When you decide to file bankruptcy in Virginia, one of the first choices you have to make is whether to file Chapter 7 or 13. These offer some similar benefits, but they are quite different in how they reach the resolution. It is essential to understand the options, so you can make a proper decision on which type of bankruptcy to file.
Experian explains that the main difference is that Chapter 7 wipes out your debts through selling your assets while Chapter 13 is a repayment plan. Essentially, you sell any non-exempt assets to get money to pay creditors, making Chapter 7 a liquidation. In Chapter 13, there is more of a reorganization where your debts are adjusted and consolidated into one payment. The bottom line is that with liquidation, you generally will lose your assets because the court sells them to pay back your debts. With reorganization, you usually get to keep your assets.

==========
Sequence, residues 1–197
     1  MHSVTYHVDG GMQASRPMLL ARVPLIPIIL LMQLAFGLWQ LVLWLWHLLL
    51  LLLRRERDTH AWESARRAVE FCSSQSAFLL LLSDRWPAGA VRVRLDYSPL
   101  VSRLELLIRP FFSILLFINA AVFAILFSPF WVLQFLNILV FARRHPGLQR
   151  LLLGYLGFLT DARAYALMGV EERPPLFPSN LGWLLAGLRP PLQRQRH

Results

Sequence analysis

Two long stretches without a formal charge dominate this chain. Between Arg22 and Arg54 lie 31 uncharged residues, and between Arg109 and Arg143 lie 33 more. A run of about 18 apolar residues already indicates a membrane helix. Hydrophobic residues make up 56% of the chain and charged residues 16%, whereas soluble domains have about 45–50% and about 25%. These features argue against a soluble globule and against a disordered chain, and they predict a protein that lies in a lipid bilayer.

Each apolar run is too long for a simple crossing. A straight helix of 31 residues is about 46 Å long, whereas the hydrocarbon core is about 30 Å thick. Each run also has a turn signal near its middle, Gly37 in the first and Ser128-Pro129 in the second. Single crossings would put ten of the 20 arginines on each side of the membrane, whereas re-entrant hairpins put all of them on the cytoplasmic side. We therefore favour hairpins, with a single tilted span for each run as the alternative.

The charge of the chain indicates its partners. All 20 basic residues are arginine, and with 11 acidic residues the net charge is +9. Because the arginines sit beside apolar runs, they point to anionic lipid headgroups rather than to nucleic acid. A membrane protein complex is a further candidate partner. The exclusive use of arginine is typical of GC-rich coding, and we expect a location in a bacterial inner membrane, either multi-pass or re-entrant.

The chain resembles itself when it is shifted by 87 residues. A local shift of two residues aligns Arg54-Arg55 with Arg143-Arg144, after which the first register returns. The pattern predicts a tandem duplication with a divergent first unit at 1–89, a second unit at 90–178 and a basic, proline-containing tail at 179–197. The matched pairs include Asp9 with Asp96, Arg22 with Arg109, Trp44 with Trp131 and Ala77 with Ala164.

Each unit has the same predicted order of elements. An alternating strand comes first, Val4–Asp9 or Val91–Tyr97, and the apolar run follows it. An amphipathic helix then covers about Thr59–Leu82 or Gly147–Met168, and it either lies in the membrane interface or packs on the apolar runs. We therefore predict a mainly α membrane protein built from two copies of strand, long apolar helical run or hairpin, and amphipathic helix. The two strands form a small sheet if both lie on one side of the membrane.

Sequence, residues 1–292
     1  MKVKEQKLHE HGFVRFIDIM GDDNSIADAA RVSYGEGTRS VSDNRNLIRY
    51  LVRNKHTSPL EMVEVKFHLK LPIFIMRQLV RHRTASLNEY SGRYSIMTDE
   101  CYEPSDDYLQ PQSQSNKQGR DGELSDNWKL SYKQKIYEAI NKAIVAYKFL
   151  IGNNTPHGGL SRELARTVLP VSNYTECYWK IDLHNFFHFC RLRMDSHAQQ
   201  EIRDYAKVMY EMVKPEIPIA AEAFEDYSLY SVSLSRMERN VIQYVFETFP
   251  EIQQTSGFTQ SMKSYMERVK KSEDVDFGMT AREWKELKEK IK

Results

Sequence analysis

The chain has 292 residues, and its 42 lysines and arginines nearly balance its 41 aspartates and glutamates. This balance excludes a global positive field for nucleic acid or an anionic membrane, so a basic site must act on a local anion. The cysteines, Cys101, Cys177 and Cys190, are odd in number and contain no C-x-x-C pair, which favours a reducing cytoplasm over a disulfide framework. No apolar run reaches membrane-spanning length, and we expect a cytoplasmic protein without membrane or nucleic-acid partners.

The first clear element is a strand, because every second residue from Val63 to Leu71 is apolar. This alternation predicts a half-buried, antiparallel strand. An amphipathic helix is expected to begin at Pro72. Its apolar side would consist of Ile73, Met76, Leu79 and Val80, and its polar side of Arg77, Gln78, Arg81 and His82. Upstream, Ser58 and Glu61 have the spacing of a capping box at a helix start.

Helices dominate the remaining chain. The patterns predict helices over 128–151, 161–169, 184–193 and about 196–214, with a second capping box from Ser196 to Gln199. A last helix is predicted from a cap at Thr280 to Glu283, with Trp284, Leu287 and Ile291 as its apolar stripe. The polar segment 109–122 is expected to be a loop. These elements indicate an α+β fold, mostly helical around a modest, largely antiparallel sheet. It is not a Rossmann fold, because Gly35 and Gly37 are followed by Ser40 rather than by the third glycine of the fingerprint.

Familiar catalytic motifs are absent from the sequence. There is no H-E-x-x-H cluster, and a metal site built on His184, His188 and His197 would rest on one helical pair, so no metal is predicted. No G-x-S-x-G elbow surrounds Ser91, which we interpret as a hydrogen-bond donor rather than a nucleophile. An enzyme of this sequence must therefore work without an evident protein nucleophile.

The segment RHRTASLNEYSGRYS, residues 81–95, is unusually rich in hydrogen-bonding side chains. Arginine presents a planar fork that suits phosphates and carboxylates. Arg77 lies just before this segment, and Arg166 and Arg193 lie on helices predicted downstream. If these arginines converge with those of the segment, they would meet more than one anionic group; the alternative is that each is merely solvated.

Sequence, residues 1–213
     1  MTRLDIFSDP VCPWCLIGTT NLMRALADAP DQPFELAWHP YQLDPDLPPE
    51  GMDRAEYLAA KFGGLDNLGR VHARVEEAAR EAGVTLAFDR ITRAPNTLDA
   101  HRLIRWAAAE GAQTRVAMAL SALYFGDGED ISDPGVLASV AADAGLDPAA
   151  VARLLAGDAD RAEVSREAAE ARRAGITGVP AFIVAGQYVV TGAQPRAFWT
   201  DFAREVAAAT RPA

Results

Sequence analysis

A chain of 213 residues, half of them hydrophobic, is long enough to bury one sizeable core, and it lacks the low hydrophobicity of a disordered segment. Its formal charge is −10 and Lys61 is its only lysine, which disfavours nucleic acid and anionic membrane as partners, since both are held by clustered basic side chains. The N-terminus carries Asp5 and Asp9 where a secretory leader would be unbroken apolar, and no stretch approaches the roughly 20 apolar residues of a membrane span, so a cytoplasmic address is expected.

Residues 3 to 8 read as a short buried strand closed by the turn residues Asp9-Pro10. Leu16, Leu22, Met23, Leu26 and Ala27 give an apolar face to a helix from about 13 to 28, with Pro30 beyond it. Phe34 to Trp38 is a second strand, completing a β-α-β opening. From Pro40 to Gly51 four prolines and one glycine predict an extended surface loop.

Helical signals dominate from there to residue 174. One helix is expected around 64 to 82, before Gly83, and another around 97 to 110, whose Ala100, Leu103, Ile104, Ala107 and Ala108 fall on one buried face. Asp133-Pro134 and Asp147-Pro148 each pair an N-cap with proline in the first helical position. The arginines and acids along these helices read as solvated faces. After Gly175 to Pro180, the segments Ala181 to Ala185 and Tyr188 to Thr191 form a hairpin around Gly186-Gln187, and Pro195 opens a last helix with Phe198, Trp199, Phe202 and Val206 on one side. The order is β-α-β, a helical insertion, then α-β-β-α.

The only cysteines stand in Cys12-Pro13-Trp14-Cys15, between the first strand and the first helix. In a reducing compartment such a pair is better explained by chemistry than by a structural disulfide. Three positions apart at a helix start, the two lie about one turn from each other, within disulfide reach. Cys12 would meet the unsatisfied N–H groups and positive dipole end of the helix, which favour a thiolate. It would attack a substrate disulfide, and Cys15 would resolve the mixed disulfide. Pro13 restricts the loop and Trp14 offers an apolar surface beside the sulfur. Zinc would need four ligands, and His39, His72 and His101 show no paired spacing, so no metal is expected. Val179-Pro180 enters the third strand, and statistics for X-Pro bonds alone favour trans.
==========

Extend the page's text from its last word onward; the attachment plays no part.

Beyond this, there are other differences worth noting. To begin with, you must qualify by passing a means test for Chapter 7. This means you have to have a low enough income. Otherwise, you only have the option of filing Chapter 13. The reorganization process takes much longer than the liquidation process, so you can expect Chapter 7 to end more quickly.
The overall process of having to file documents and present information about your finances and assets remains the same regardless of which type of bankruptcy you file. It is in the actual process where differences become apparent. This information is for education and is not legal advice.